“proxy server” can be attached the child’s web browser is a program and disallows access to

some specified Internet sites or Usenet newsgroups.

Internet users must be selective in the sites they visit because haphazard surfing can

often lead to entering a questionable site. Most people can tell where they are on the Internet,

or where they are going, by simply staying aware of their surroundings. Since the Internet’s

early beginnings, most of the information on the Internet has been classified in order to

provide easy navigation. For instance, the articles in a particular Usenet newsgroup, say

soc.culture.australia.entertainment, will undoubtedly contain discussions on entertainment in

Australia. Meanwhile, a newsgroup called alt.binaries.sex.pictures will undoubtedly contain

files of pornographic pictures. Discretion must be used by both adults, parents, and children

in order to have a pleasant Internet experience.

It is important for parents to take an active responsibility over controlling what their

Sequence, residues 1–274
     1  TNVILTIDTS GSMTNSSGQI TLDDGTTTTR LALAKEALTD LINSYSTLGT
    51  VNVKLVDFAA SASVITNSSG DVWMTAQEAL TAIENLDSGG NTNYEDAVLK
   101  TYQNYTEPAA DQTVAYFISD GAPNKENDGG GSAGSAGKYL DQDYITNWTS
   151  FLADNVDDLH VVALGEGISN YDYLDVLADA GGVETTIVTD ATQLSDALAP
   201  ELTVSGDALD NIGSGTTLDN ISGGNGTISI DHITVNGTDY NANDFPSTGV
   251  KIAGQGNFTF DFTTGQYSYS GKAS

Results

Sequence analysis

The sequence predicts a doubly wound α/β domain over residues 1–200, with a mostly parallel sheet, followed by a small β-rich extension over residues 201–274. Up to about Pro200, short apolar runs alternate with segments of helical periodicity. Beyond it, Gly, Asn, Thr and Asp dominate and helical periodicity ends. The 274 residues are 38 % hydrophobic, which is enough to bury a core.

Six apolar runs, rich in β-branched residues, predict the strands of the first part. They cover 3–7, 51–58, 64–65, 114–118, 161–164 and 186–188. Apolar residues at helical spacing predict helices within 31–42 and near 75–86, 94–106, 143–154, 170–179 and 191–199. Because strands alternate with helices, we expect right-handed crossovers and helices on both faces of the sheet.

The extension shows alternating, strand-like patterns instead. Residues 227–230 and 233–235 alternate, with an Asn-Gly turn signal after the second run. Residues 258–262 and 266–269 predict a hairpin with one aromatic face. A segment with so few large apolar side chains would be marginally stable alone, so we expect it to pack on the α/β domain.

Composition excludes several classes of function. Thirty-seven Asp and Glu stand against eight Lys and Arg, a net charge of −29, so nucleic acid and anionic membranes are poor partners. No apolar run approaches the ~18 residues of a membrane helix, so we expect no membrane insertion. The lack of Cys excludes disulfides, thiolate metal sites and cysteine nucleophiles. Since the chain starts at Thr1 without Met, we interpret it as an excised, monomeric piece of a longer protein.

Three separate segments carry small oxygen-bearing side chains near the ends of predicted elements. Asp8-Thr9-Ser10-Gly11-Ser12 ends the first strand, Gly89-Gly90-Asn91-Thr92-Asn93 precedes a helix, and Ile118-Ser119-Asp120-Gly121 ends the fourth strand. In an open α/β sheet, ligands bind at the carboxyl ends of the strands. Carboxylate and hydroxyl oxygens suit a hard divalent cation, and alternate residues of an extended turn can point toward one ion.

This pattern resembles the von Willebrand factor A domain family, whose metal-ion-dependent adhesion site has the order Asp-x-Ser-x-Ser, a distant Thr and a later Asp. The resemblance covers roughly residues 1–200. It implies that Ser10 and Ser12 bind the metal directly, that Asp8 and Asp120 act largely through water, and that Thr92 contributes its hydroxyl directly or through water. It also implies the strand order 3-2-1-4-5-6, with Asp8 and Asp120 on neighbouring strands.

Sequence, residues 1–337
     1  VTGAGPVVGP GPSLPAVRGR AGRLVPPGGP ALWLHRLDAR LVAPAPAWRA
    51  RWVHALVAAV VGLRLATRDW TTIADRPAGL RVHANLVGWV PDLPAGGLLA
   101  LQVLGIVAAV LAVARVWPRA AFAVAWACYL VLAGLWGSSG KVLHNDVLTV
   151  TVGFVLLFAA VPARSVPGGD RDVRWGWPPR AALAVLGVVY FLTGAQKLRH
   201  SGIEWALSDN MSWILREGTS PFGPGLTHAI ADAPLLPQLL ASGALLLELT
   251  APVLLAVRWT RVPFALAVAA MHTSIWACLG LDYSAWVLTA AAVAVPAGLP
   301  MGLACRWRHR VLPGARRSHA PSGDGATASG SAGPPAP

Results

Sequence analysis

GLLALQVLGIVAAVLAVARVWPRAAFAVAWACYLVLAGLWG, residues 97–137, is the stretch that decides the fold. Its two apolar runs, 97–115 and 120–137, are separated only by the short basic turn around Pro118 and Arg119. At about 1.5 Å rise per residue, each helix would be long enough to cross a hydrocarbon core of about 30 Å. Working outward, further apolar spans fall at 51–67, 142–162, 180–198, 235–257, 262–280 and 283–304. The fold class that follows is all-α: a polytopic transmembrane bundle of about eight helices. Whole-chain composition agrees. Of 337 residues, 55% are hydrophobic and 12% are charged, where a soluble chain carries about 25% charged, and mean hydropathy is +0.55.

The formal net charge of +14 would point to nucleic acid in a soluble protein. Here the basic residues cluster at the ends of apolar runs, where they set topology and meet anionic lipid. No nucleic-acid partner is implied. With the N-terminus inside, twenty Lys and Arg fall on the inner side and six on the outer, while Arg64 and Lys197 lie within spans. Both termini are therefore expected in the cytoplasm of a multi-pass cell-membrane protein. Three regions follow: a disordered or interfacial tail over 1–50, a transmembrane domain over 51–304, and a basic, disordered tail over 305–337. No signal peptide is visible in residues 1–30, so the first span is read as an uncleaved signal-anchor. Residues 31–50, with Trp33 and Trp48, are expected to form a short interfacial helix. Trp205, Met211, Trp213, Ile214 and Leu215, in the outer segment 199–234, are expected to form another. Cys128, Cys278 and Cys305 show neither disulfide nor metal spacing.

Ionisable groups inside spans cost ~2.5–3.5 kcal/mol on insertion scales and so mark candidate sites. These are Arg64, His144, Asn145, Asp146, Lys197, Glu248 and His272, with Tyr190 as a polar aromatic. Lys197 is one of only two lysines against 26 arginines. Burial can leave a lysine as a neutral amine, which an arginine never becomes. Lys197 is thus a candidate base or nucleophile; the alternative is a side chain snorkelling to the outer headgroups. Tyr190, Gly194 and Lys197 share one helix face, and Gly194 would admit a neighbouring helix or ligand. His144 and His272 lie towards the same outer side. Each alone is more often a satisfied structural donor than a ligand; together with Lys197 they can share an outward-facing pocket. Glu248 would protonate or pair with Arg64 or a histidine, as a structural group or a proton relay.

child sees. Rheingold summarizes this belief: “Americans are going to have to teach their

children well. The only protection that has a chance of working is to give their sons and

daughters moral grounding and some common sense” (Rheingold n.p.). Parents cannot expect

their children to know what to do when presented with a vulgar demonstration if they have

not made their views known. Exposure to offensive materials like drugs and nudity can

sometimes be as problematic as exposure to topics like politics, economics, religion, and race

relations. Trust and communication are key factors in knowing what a child accesses on the

If anything, the Internet has taught us as a society to be aware of our surroundings.

We have found a technology that doubles as being both wonderful and detrimental to our

society. While it is true that the Internet does have some portions that are blatantly